Meeting highlights levees' weakness
In the event of a flood, significant sections of levees in Colusa could fail, the Colusa City Council was told at a special workshop for the Mid & Upper Sacramento River Regional Flood Management Plan on Jan. 7.
Consultant Barry O'Reegan told the council the cost to fix those levees exceeds $50 million. Colusa likely already has funding for about 90 percent of that — but even the $5 million or so left over was outside the city's budget, council members said.
The Mid & Upper Sacramento River Regional Flood Management Plan is a collabor tion of a number of organizations throughout the counties of Glenn, Yolo, Tehama, Lake, Butte, Sutter, and Colusa. The group is geared toward developing a flood management plan, to be completed by the end of 2014, that best reflects the local vision for flood risk reduction.
"Since (the Colusa City Council is) an entity that grants building permits, they needed to be aware of the state regulations and what impact FEMA mapping will have on potential future plans for growth," Kim Floyd, the group's public outreach coordinator, said. "Part of what we wanted to do at the meeting was to inform the Council of challenges they may be facing the coming years, especially regarding the FEMA mapping."
Council members asked Colusa County Supervisor Denise Carter whether the city and county would be able to tackle the issue together.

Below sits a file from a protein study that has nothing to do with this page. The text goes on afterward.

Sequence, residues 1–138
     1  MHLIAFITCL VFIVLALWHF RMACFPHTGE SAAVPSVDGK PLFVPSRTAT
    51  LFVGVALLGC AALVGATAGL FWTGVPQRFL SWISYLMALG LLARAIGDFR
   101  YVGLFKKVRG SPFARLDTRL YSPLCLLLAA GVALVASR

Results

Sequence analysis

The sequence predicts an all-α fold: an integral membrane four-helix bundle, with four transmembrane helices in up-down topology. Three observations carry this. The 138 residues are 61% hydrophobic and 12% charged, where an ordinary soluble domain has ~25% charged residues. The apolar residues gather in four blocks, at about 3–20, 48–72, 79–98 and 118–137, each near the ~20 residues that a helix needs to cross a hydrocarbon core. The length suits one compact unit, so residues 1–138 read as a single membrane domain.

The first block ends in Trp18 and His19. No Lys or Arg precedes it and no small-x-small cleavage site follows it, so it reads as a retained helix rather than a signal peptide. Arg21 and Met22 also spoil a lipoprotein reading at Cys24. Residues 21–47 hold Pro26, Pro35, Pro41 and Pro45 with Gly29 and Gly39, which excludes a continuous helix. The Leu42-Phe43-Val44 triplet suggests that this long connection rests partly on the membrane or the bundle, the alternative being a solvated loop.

"I think it's truly a regional issue, so it's going to take a regional approach to get it," Mayor Greg Ponciano said. "It's a pretty daunting task, and it's going to take more than the city to address it.
"I'm trying to look at the bright side," he added. "If there is levee work to be done on the levee that borders the city, I think it presents opportunites to help move things along with the riverfront district."
Councilwoman Marylin Acree said the council — and the community — must be kept informed.
"Obviously, it's critical for us to be partners with people who are already involved," she aid. "It's a pivotal time for the community; it's important that we stay in tune with the other players in this."
Carter said a plan to fix the deficiencies identified in the levees was vital.
"What we really need to do is get our plan together, figure out what our deficiencies are, and develop what we need to do to get that 100-year flood protection," she said. "It's going to take a lot of time, energy and dollars to get this going."